Racial and ethnic disparities in US influenza hospital rates and influenza vaccination coverage persist, according to research published in Morbidity and Mortality Weekly Report. Michael Jhung, MD, and colleagues examined influenza hospitalization and vaccination rates by race and ethnicity from the 2009-2010 through the 2021-2022 influenza seasons. The age-adjusted influenza hospitalization rates were higher among non-Hispanic Black (Black), American Indian or Alaska Native (AI/AN), and Hispanic adults compared with White adults from 2009-2010 through 2021- 2022 (rate ratios, 1.8, 1.3, and 1.2, respectively). Influenza vaccination coverage was lower among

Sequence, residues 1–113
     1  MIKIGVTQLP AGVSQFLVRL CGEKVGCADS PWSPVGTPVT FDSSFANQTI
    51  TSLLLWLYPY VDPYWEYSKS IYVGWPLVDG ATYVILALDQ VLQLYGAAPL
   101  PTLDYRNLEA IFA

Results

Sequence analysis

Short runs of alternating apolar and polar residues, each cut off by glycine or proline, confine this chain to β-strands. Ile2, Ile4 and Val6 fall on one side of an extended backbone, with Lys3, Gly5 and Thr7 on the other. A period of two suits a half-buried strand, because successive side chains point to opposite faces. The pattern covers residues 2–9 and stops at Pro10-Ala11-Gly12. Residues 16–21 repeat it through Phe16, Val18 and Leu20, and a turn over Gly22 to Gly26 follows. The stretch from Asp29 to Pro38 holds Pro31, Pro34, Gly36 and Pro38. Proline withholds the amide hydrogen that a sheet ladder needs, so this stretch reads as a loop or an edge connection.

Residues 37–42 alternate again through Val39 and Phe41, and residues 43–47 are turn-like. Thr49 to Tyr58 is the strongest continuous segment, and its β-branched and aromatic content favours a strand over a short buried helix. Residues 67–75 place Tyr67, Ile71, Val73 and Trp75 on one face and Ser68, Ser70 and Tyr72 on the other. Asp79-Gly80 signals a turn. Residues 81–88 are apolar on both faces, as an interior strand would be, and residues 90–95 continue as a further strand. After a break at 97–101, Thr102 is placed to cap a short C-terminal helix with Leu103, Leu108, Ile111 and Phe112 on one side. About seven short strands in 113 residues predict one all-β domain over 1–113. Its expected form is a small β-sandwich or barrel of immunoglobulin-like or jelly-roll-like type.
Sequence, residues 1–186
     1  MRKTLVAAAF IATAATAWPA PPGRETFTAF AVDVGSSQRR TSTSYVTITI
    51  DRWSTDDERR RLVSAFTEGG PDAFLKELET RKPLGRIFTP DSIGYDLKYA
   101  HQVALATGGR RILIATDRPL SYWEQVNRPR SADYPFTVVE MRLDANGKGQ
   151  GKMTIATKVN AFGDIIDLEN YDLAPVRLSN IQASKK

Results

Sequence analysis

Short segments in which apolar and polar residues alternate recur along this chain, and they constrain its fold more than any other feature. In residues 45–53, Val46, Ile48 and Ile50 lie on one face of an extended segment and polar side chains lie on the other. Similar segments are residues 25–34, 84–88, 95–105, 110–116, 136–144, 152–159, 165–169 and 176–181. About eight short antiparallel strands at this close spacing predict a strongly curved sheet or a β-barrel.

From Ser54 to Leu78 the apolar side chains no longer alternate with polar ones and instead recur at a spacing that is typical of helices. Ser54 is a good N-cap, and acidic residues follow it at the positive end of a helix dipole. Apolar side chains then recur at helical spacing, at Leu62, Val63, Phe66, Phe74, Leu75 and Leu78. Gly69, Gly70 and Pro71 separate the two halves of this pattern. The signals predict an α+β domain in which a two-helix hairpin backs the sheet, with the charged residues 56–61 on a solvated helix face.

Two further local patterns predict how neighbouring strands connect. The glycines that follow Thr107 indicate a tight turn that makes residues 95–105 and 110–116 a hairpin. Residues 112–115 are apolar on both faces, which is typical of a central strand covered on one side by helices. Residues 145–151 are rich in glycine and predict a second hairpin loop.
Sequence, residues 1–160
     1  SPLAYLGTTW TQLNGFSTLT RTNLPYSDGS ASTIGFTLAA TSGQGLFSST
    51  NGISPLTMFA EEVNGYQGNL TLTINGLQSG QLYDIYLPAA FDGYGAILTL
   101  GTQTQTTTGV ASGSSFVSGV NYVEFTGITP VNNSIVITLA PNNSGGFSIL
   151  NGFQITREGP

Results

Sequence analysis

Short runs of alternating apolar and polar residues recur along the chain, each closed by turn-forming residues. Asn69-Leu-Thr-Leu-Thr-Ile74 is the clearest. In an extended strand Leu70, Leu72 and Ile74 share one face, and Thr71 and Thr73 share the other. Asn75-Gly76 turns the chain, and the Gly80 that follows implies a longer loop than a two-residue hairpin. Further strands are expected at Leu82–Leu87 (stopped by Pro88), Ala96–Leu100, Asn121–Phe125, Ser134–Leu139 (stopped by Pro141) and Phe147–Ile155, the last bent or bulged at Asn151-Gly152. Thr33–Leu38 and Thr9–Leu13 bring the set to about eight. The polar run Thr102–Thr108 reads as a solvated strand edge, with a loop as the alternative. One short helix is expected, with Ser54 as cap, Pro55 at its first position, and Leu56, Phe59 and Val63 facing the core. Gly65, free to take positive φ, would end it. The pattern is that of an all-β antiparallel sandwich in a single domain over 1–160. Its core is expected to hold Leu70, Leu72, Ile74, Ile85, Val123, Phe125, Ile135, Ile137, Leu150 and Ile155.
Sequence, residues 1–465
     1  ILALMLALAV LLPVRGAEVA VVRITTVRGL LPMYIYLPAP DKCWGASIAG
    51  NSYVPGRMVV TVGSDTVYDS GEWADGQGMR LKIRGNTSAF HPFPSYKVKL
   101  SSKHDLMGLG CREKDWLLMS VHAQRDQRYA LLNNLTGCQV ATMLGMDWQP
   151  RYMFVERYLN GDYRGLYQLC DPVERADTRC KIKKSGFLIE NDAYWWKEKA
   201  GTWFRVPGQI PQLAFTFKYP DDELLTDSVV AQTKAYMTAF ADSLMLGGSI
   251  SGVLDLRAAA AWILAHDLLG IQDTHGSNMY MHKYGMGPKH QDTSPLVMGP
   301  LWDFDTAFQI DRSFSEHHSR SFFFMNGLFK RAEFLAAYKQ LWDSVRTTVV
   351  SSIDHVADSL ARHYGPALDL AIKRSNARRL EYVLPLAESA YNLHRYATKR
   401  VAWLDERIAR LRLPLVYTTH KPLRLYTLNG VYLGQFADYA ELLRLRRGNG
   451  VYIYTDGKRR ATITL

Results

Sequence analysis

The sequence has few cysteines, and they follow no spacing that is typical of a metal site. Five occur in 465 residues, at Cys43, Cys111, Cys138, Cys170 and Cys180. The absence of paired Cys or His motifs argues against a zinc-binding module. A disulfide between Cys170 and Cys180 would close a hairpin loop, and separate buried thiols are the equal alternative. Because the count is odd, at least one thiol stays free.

Hispanic (37.9%), AI/AN (40.9%), Black (42.0%), and other/multiple race adults (42.6%) compared with Whites (53.9%) and Non-Hispanic Asians (54.2%) during the 2021-2022 season. Since the 2010-2011 season, coverage was
consistently higher for Whites and non-Hispanic Asians versus Black and Hispanic adults. The disparity in vaccination coverage by race and ethnicity was seen for those with medical insurance, those with a personal healthcare provider, and those who underwent a routine medical checkup in the past year.